Low Expressive Vocabulary Higher Heritability as a Function of More Severe Cases Research Article
Research Article  |   August 01, 2005
Low Expressive Vocabulary
 
Author Affiliations & Notes
  • Laura S. DeThorne
    Pennsylvania State University, University Park
  • Stephen A. Petrill
    Pennsylvania State University, University Park
  • Marianna E. Hayiou-Thomas
    Institute of Psychiatry, King's College, London, United Kingdom
  • Robert Plomin
    Institute of Psychiatry, King's College, London, United Kingdom
  • Corresponding author: e-mail: lauras@uiuc.edu
Article Information
Special Populations / Genetic & Congenital Disorders / Language Disorders / Attention, Memory & Executive Functions / Language / Research Articles
Research Article   |   August 01, 2005
Low Expressive Vocabulary
Journal of Speech, Language, and Hearing Research, August 2005, Vol. 48, 792-804. doi:10.1044/1092-4388(2005/055)
History: Received April 28, 2004 , Revised August 23, 2004 , Accepted September 28, 2004
 
Journal of Speech, Language, and Hearing Research, August 2005, Vol. 48, 792-804. doi:10.1044/1092-4388(2005/055)
History: Received April 28, 2004; Revised August 23, 2004; Accepted September 28, 2004
Web of Science® Times Cited: 17

This study of 4,274 pairs of 4-year-old twins from the Twins Early Development Study explored the magnitude of genetic and environmental effects on low expressive vocabulary skill, both as a function of general cognitive ability and as a function of the severity of expressive vocabulary impairment. Assessments were conducted through parent report measures. Two types of vocabulary deficit were identified: low vocabulary paired with typical general cognition (i.e., specific expressive vocabulary impairment) and low vocabulary paired with low general cognition (i.e., nonspecific expressive vocabulary impairment). The magnitude of genetic and environmental effects on low expressive vocabulary skill did not differ for these 2 types of expressive vocabulary deficit. By systematically varying the cutoffs used to define vocabulary and general cognitive delay, potential changes in the magnitude of genetic and environmental effects were examined. Results suggested that the severity of vocabulary deficit rather than level of cognitive functioning was a more meaningful etiological distinction: The heritability of low expressive vocabulary was higher and the influence of shared environment lower, as increasingly severe vocabulary deficits were identified. Implications for molecular genetics and the construct of specific language deficits are discussed.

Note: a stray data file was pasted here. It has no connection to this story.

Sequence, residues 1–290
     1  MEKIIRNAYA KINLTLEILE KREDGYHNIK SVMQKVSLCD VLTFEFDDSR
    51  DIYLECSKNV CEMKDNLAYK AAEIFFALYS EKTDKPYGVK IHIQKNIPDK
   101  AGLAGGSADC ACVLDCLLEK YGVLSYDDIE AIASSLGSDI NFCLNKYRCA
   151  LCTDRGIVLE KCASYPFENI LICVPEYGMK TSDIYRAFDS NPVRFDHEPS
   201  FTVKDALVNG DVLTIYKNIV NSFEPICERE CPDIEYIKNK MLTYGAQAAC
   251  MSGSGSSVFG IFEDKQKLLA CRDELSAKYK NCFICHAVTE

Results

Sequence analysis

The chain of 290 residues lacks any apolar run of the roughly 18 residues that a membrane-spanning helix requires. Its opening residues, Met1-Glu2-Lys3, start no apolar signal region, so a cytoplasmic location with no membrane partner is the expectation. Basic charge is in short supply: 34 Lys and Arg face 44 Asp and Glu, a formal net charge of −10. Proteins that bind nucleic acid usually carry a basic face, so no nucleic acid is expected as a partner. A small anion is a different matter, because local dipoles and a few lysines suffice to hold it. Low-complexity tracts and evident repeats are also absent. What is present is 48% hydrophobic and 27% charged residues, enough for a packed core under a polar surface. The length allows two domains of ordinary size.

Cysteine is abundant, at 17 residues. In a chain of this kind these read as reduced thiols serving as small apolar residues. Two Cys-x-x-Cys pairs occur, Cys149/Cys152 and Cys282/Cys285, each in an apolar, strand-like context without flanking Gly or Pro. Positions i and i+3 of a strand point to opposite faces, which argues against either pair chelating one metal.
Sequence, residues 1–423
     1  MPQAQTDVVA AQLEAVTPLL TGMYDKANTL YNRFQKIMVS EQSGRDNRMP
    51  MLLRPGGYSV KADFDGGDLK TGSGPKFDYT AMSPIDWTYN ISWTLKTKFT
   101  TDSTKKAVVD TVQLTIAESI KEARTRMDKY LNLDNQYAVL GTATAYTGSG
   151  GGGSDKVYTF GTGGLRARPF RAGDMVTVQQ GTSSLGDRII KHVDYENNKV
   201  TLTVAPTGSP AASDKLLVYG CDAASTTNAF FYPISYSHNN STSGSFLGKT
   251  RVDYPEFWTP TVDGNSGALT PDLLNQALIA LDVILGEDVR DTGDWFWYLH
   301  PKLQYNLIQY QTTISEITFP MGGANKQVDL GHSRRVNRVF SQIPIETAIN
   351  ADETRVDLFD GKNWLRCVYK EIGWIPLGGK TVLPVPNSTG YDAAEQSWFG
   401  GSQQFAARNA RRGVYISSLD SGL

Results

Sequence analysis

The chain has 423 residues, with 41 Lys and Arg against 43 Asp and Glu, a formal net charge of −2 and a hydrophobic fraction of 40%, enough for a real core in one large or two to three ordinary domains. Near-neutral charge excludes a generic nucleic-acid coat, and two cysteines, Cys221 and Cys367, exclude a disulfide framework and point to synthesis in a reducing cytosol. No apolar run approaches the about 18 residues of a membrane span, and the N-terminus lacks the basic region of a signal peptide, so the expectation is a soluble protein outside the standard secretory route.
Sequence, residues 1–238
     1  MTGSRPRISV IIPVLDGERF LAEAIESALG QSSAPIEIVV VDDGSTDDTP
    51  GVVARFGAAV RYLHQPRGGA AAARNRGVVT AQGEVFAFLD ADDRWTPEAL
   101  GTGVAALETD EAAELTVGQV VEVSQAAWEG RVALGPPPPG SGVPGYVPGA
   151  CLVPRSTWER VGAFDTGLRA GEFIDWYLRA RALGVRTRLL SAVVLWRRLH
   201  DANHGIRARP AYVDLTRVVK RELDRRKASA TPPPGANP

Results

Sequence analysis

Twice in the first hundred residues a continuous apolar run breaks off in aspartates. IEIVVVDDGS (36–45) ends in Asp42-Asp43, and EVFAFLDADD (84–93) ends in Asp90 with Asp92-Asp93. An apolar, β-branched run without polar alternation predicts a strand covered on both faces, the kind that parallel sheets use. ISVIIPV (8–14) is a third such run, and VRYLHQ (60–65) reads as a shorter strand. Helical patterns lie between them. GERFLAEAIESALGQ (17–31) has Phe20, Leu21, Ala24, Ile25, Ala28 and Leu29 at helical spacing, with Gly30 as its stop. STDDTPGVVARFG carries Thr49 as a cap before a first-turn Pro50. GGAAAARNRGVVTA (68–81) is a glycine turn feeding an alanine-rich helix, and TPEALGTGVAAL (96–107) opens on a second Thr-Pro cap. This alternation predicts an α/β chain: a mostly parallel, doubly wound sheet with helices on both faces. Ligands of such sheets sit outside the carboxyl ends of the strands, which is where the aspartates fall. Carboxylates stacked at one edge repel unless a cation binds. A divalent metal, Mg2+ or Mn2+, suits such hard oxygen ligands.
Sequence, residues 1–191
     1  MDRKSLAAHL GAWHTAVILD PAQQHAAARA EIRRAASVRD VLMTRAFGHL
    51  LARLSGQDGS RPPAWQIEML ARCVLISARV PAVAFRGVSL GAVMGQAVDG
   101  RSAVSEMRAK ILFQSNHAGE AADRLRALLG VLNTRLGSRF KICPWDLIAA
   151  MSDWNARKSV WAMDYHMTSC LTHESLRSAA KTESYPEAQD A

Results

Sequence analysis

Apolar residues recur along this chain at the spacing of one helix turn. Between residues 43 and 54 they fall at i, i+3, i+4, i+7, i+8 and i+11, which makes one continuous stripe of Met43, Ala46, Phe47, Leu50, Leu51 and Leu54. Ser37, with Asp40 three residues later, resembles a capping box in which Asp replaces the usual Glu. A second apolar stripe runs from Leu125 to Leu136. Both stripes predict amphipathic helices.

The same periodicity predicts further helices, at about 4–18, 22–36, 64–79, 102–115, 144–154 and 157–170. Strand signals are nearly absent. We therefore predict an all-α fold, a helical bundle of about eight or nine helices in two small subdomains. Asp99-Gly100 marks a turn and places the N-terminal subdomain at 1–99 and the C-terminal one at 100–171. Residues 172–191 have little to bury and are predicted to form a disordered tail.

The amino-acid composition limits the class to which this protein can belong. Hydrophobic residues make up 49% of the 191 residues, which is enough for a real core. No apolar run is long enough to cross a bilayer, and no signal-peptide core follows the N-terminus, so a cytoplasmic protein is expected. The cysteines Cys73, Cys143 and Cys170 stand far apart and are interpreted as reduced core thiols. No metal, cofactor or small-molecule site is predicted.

Acknowledgments
The Twins Early Development Study (TEDS) is funded by Program Grant G9424799 from the U.K. Medical Research Council, awarded to Robert Plomin. Thanks to Dean Coward and the College of Health and Human Development at Pennsylvania State University for supporting the international travel that facilitated this study . In addition, we would like to recognize and thank the numerous twins and their families that made TEDS, and the many projects that emerged from it, a reality.
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